Patients had different life-threatening illnesses such as advanced heart failure, advanced chronic obstructive pulmonary disease, end-stage kidney disease or advanced cancer and both patients and family caregivers were recruited from different settings (inpatient, outpatient and home care) which add to the strength of the study. In studies using cognitive interviews the number of interviews needed varies and depends on the objective and the data quality . Purposive sampling was used to achieve variation in age, gender, education and relationships, which added richness to the data. Furthermore, data in interviews was repetitive. Hence, the number of participants was considered sufficient to investigate content validity and response processes. Nevertheless, it is always possible that eligible participants that declined participation may have had different perspectives from the ones included. The description of background characteristics of the actual sample and the findings should facilitate judgement of transferability of findings to other contexts.
The patients were in both more stable phases and at the end of life. The patients that were interviewed about the MQOL-E were however not in the very end of life (as within a few days or weeks). This may influence the results as their views on QOL items may be related to the stage of their illness. While participants thought that the measures would capture change over time, we do not know in fact that they do in Sweden. Further validity evidence is needed to confirm psychometric equivalence, i.e. measurement invariance, of the translated and original versions of the instruments, and to ascertain sensitivity in measuring change over time .
In the present study we translated and validated an interim version of MQOL-E and the version 2 of QOLLTI-F. During the study a validated version of MQOL-E has been published and item 20 (Availability of health care) has been excluded. No other changes were made . Furthermore, a version 3 of QOLLTI-F has been developed. The only change that has been made from QOLLTI-F v2 is that item 13 (Availability of health care) has been excluded. The present validation is therefore significant also for the latest versions of the instrumentsFootnote 1.
This study contributes important validity evidence about the response processes pertaining to both MQOL-E and QOLLTI-F v2 respectively, specifically with respect to linguistic equivalence and cultural appropriateness of the Swedish translated instruments. Findings demonstrate the importance of exploring and considering response processes in instrument development and translations in different languages and cultures. Psychometric studies of the Swedish translations of MQOL-E and QOLLTI-F are required before a firm recommendation can be made for their use in end-of-life and palliative care. The instruments are developed to be used irrespective of underlying diagnosis, and for possible use in conjunction, which increases the potential of their utilization in both clinical practice and research.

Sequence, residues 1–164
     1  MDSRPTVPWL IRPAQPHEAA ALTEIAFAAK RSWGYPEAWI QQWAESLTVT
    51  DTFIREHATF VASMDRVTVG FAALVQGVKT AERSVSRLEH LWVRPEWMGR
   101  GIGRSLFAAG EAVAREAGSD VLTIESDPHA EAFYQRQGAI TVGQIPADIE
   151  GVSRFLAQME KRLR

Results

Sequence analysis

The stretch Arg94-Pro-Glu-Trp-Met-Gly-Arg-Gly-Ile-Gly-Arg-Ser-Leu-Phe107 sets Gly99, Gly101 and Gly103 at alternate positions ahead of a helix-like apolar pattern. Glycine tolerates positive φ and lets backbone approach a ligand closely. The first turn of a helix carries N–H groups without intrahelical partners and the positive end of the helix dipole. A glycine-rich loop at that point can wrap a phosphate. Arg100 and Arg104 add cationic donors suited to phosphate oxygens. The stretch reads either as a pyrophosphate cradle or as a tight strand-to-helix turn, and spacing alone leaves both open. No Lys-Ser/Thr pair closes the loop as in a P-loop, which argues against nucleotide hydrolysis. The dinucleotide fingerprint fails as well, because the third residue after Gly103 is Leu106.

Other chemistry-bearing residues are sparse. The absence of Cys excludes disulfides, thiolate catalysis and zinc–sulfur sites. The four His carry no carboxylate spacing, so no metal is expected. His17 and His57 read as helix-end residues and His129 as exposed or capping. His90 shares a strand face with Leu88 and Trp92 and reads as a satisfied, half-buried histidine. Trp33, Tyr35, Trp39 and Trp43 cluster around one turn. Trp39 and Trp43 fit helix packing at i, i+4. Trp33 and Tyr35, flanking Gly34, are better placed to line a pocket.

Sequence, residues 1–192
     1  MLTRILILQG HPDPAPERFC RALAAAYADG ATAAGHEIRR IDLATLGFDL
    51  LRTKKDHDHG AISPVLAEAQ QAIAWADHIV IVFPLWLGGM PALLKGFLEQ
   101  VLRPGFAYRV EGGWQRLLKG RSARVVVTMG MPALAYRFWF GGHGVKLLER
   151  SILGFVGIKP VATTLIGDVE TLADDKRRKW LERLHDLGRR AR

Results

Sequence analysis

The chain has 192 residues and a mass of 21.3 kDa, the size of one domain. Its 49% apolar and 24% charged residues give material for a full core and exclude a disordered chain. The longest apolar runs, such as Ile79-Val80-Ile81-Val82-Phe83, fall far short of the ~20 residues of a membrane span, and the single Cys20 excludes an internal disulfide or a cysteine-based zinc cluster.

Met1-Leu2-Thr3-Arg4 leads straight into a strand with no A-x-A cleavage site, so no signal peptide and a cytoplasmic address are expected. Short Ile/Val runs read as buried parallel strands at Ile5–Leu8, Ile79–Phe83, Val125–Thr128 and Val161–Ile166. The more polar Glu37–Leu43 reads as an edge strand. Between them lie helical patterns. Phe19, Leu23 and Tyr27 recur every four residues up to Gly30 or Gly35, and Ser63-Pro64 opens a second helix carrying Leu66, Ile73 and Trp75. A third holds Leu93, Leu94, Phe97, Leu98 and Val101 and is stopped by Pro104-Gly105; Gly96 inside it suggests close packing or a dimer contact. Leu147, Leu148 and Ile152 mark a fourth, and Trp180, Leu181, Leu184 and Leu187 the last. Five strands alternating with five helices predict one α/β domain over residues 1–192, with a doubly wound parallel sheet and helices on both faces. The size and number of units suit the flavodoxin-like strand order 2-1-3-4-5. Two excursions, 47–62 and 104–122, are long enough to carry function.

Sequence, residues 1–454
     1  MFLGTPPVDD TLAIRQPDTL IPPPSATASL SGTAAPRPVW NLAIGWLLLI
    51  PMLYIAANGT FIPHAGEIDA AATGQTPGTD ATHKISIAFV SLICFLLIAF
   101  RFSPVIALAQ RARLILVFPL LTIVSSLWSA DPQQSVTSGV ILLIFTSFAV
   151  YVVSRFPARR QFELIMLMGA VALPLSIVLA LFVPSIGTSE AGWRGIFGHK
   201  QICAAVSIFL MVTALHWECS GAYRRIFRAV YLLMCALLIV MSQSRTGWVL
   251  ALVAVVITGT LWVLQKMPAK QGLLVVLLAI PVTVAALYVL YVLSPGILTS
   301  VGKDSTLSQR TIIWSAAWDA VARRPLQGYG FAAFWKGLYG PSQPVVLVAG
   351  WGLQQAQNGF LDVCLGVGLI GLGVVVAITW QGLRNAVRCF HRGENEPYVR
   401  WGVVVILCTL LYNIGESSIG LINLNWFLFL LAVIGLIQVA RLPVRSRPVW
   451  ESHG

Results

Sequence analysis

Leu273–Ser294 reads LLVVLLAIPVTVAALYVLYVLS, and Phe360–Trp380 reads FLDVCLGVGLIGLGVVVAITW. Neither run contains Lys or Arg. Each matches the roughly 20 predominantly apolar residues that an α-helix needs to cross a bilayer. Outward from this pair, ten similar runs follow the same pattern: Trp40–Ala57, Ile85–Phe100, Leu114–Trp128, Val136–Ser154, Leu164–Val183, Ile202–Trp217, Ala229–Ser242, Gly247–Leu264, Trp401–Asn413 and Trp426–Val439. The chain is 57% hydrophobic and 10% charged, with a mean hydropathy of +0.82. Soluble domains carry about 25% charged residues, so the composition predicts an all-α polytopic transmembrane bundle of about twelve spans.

Availability of data and materials
The datasets generated and analysed during the current study are not publicly available due to ethical regulations but are available from the corresponding author on reasonable request.
The questionnaires can be obtained from firstname.lastname@example.org and in Swedish also from email@example.com
McGill quality of life questionnaire- expanded
Quality of life in life-threatening illness - family carer/caregiver version
Quality of life
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We would like to thank patients and family carers who participated in the cognitive interviews. The study was supported by the Centre for Collaborative Palliative Care, Faculty of Health and Life Sciences, Linnaeus University, Sweden.
The study was funded by the Medical Research Council of Southeast Sweden and by grants from Sophiahemmet Foundation, Sweden. The funders did not have any role or influence in the study. Open access funding provided by Sophiahemmet University College.
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All participants received oral and written information about the aim of the study, the voluntarily nature of participation and their right to withdraw, before giving their written informed consent. Formal approval was granted by the Regional Ethical Review Board in Linköping, Sweden (No. 2016/147–31).
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Axelsson, L., Alvariza, A., Carlsson, N. et al. Measuring quality of life in life-threatening illness – content validity and response processes of MQOL-E and QOLLTI-F in Swedish patients and family carers. BMC Palliat Care 19, 40 (2020). https://doi.org/10.1186/s12904-020-00549-6
- Family carer
- Family caregiver
- Instrument development
- Response processes
- Quality of life
- Palliative care
- End of life